Wildfires scorch the landscape and reduce houses to rubble. They destroy community infrastructure and recreational resources. The result is a decline in real estate prices.
How much will real estate prices decrease after a wildfire? Read on.
Reasons Why Real Estate Prices Drop After a Wildfire
The most obvious reason that real estate prices go down is that where there was once house+land, there is now only land. Vacant land with no house usually sells for less than land with a house.
Further, even if you own vacant land that never had a structure on it, the trees and vegetation may be charred. Land with unattractive or no vegetation will sell for less than land with attractive vegetation.
Even if your land was not affected, your neighbor’s land was. All the houses around you are gone; the local market is boarded up; the medical clinic severely damaged; the forest where you used to take your dog for hikes is now a bunch of eerie charred twigs. The state of community infrastructure affects the attractiveness, and therefore the value, of your land.
Lastly, wildfires increase the perception of risk in the minds of buyers. All things being equal, buyers may be reluctant to purchase real estate in areas prone to wildfire.
These factors, and others, combine to cause a reduction in real estate prices.
What Does the Research Say about the Effect of Past Wildfires on Land Values?
Several scientists have examined the effect of historical wildfires on real estate prices. Here is what they found:
Huggett, Murphy and Holmes (2008) examined the 1994 Chelan County wildfires in Washington state and found that real estate prices dropped 13-14% over a one year period afterward.
Mueller, Loomis and Gonzalez-Caban (2007) studied fires in Southern California. They found that repeated forest fires cause houses near fires decreased in value. The first fire reduced house prices by 9.7%, while the second fire reduced house prices by 22.7%.
PricewaterhouseCoopers (2001) performed an analysis of how the Los Alamos, New Mexico real estate market responded to the 2000 Cerro Grande fire. The report showed that after the fire, the average sale price of single-family homes in Los Alamos County declined 3-11%.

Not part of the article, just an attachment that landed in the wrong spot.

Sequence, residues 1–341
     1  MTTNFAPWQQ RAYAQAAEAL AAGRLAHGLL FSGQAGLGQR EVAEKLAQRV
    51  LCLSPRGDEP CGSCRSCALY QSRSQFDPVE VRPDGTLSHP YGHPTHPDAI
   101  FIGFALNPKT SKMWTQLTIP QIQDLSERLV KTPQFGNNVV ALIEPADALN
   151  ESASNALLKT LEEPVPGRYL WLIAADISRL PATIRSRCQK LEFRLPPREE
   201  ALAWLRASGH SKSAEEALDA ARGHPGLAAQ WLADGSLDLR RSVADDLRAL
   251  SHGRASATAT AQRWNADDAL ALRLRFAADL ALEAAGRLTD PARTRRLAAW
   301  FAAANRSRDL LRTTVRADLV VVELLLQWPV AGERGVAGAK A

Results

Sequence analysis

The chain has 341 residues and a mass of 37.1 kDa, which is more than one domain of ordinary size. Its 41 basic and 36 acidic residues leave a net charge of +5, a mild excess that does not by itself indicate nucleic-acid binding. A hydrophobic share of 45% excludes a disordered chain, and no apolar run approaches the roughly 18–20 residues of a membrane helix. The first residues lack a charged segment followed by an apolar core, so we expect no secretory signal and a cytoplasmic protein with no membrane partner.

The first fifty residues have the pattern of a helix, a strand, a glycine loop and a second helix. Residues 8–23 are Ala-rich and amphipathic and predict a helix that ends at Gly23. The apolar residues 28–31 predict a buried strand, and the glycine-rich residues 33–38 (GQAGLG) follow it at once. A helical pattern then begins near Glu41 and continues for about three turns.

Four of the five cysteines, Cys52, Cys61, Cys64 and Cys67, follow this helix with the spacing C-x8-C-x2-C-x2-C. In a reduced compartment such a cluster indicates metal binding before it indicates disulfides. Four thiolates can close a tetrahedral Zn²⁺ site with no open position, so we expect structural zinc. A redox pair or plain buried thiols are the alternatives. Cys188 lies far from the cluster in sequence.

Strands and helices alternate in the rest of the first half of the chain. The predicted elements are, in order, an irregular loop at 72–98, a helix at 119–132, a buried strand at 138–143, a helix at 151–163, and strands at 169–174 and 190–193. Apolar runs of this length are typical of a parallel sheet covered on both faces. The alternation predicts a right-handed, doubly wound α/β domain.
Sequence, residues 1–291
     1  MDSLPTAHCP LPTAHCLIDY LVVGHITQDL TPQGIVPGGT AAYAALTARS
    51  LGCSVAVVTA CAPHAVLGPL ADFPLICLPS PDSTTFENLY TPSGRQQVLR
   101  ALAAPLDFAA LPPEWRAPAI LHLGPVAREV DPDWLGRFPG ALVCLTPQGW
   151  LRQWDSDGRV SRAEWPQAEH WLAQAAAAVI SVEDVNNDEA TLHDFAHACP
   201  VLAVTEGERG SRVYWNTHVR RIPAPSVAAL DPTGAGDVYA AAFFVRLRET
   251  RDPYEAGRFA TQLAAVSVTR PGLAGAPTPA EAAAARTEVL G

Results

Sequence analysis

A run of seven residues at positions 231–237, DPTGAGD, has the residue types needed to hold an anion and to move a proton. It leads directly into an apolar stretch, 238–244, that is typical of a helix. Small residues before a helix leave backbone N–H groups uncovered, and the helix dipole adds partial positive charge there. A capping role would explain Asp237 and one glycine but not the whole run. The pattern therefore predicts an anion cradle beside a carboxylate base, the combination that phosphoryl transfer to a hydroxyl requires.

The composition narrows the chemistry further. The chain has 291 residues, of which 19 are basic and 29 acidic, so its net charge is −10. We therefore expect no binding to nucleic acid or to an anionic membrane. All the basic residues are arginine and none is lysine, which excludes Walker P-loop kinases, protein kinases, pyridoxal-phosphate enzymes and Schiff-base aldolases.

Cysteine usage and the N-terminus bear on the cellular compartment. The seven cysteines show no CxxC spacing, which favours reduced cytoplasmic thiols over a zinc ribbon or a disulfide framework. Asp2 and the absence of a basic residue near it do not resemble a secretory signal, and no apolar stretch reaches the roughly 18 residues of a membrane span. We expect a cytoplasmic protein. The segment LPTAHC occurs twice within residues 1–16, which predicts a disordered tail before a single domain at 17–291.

Loomis (2004) estimated that house prices in Pine, Colorado decreased by approximately 15% following the Buffalo Creek fire.
Kiel and Matheson (2015) studied the Fourmile-Lefthand Canyon forest fire in Colorado and found a 21.9% decline in sale prices.
The Good News
If I put on my rose-colored glasses and squint real hard, I can come up with some examples of good news regarding the value of real estate after a wildfire.
First, the house that burned to the ground probably had underground utilities. The water pipes are still there buried in the ground; the septic system or sewer pipes are also there; and if you have a well, the vertical casing is still in the dirt even if the above-ground equipment might be damaged. Most vacant land on the market does not have utilities stubbed into the building area because there was never a house. But yours does. Builders love it when utilities are not just “in the street” they are stubbed all the way into where a new structure might be built. The presence of utilities adds considerable value to vacant land.
Second, any structures that are rebuilt in the affected neighborhood will be new, and possibly more valuable, than what was there before. For example, your plot of vacant land may end up next to a brand new 4-bedroom, 3-bath house instead of next to the tired 2-bedroom, 1-bath bungalow built in 1958 that was there before. This may positively affect the value of your lot.
Third, if you own a nearby rental property that was not affected by the fire, you may find that demand for your units will increase. This is due to the many displaced homeowners who now want to rent near the same area where they once owned home. Supply is down and demand is up, so you may be able to increase your rental rates accordingly. (Don’t price-gouge though, it’s not nice).
Fourth, recently I was listing some acreage located 2 miles from the edge of a wildfire. After the fire, I noticed an uptick in interest in this parcel, i.e., more calls and e-mails. This may have been related to displaced families needing to move animals or themselves. Or perhaps buyers were previously looking for land in the wildfire-torn area and now they have shifted their focus to the area just outside of that area. Supply and demand can cause an increase in value just outside the wildfire perimeter.
Fifth, sometimes homeowners who receive a handsome insurance settlement want to rebuild a larger home and need more land to do that. The adjacent owner might be able to sell their land to that person at an inflated price. One example of this occurring is with the Felton Estate. This 14,000-square-foot property was built five years after fire destroyed all the homes on top of Schooner Hill in Oakland California. One owner bought up neighboring land, built a large house in 1996, and recently sold that house for $20.5 million.
Lastly, real estate prices will not be low forever. As time goes on, vegetation will come back, infrastructure will be rebuilt, and buyer’s memories of the fire will fade.
So, to Summarize
After a major wildfire, land prices in the affected area are likely to decrease. Prices decrease for a host of reasons including reduced infrastructure and increased perception of risk. According to the research, land prices after fires have historically decreased between 3 and 23%. However, there are scattered cases where the value of land can remain steady or even increase.